For most of us, finding the balance between responsibility, recreation and restoration can be pretty difficult.
As someone who has survived the hardships of an anxiety disorder, a difficult childhood, drug addiction and an accidental overdose, I understand the importance of stress reduction and prevention.
Those of us who suffer from anxiety do so because we are victims of overthinking. We tend to overanalyze situations, constantly evaluating the pros and cons (primarily the cons). This creates fear-based projections about events, people, problems or possibilities that have not yet occurred.
However, by actively participating in activities that challenge our fears and rewire our thinking, we can systematically reduce stress, depression and anxiety.
I've learned throughout my healing journey that true strength is derived from vulnerability. And what makes anyone feel more vulnerable than fear? Because it's when we face our fears that we can really overcome them. I've realized that challenges are just a natural occurrence in life and there is nothing we can do to prevent them from happening. However, how we react to them will ultimately determine just how impactful they will become.
Through the practice of yoga I've learned that in order to get out of my own way, I had to find comfort in being uncomfortable. And there is one aspect of asana that I particularly love and find quite useful for this very purpose — inversions. There are many benefits to a regular inversion practice, including the activation of the parasympathetic nervous system. This produces a sense of calm and balance. Other benefits include the reversal of blood flow in the body, which helps to improve circulation.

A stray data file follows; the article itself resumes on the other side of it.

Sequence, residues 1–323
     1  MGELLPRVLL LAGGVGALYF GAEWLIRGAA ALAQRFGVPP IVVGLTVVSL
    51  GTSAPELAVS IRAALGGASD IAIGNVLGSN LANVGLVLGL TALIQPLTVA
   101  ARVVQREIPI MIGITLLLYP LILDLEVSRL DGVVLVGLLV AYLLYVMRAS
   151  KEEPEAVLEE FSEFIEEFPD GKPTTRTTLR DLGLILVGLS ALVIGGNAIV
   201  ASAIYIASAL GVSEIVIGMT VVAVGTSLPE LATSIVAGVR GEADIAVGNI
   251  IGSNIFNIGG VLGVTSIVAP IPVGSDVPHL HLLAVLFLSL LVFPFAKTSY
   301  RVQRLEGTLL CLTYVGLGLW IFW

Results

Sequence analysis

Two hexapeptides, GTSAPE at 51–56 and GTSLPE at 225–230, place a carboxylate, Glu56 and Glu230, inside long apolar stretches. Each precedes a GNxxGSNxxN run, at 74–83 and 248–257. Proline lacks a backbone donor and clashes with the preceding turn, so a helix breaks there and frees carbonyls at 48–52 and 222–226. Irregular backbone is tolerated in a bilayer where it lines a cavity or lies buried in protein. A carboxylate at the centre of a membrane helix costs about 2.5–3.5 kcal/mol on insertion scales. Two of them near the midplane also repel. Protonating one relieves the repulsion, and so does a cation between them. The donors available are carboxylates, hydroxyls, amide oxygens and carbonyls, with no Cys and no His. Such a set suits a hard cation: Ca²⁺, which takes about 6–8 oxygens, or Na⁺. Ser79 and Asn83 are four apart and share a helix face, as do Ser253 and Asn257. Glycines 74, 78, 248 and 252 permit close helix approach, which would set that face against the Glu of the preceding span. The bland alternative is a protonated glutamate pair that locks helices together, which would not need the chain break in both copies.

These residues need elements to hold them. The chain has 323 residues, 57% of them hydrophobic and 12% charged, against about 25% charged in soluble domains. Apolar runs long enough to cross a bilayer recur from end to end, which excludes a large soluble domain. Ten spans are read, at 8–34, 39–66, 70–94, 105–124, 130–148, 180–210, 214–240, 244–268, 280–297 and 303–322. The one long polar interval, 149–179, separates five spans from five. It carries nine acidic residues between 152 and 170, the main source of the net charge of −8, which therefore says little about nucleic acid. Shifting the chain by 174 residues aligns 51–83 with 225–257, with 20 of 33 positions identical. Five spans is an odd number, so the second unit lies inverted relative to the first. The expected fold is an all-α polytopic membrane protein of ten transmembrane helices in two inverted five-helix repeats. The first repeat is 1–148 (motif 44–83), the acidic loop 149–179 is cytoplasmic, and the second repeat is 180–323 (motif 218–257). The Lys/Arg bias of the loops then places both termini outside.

Inversions also strengthen your body's immune system by activating the lymphatic system. Since your lymph nodes function as a result of gravity and muscular contractions, inversions can help facilitate this process into the respiratory system, where your body is often the most susceptible for viruses and viral infections.
But for me, inversions taught me to face my fears.
I've always been afraid of falling, which is probably why I am severely afraid of heights. However, that fear of falling (or failing) can expand well beyond the physical realm — to the fear of disappointment. And although I still have not quite mastered the art of inversions, I have in fact mastered the art of trying. I've come to accept that falling is a part of the learning process and that facing our fears will only make us better. But in order to learn how not to fall, we have get past the fear of doing so.
Here are my five favorite inversions that have helped ease my anxiety symptoms over the years and face my fear of falling. Use these poses to balance out your ups and downs, by going upside down! Just be sure to warm up with a few rounds of Sun Salutations before trying these poses.